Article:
HomeSide Lending will start the new year in a new business-as a packager, or securitizer, of mortgage loans.
The Jacksonville, Fla., lender expects to bring a $350 million deal to market in January that will carry its own name.
The addition of in-house securitization could boost income, executives said. "This allows us to have all the sources of liquidity," said Blake Wilson, HomeSide's capital markets chief. "We'll have access to the best execution, which will translate into the best prices" for banks and other lenders that deal with HomeSide.
HomeSide originates loans through branches of BankBoston Corp. and Barnett Banks, its founding owners, and also buys loans from outside originators.
Mr. Wilson projects that HomeSide will now bring to market one or two deals a quarter, with each package containing several hundred million dollars of nonconforming loans.
But the move to issue its own mortgage securities does pose some challenges for HomeSide.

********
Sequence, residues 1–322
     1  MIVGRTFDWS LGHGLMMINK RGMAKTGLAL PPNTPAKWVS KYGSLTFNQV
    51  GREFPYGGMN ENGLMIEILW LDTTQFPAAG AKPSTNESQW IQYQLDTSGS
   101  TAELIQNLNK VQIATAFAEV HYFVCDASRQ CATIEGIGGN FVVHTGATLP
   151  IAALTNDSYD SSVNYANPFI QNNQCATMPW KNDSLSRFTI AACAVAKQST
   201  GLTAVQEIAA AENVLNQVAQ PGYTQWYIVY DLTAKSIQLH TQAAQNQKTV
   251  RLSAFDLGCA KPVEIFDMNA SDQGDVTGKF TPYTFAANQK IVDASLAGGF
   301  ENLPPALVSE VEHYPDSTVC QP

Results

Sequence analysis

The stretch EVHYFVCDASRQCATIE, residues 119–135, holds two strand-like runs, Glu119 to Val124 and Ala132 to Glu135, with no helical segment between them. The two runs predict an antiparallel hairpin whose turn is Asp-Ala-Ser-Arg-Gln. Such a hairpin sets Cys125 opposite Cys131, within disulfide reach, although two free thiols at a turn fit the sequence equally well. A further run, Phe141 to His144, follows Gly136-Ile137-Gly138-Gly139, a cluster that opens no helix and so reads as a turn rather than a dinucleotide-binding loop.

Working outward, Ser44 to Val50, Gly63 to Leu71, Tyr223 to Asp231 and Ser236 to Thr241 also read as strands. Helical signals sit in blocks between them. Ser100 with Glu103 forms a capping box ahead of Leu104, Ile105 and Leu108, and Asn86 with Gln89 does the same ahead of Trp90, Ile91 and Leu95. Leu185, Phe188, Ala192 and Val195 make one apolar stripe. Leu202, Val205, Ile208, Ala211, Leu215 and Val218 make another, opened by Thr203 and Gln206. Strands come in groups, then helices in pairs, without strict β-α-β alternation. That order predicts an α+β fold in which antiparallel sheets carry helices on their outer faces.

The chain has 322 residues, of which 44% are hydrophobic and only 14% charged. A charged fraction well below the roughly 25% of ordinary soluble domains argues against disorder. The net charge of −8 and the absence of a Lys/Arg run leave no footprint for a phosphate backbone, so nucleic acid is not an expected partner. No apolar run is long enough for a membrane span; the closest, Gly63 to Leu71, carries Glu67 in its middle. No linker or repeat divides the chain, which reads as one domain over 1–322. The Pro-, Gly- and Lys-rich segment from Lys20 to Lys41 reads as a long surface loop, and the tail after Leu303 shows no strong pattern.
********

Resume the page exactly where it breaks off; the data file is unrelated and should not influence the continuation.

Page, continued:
The two-year-old company, unlike the handful of other lenders that produce their own securities, does not have a track record on Wall Street and might have to offer more of a premium to entice investors, industry observers said.
Still, the market is gaining an appetite for so-called private-label mortgage securities because of groundwork laid over the past few years by giants like Citicorp, Norwest Corp., and BankAmerica Corp.
"It's a way for HomeSide to receive more of the pie," said Jeffrey M. Levine, director of investment banking at Bayview Financial, Miami.
Most lenders pay fees to private companies, known as conduits, to oversee securitization of mortgage loans too big or too low in quality to be sold through Fannie Mae, Freddie Mac, or Ginnie Mae. The conduits back the securitized loan pools and put their own names on them.
Mr. Wilson said the kind of loans that HomeSide will package in-house- jumbo A-quality mortgages-account for about 15% of its roughly $21 billion of annual volume.
HomeSide is taking the necessary steps to be a credible, long-term securitizer of loans, Mr. Wilson said.
The company has registered its intentions with the Securities and Exchange Commission, is working closely with credit rating agencies, and, at least for the first deal, is distributing through traders from Donaldson, Lufkin & Jenrette, a well-known name in the industry.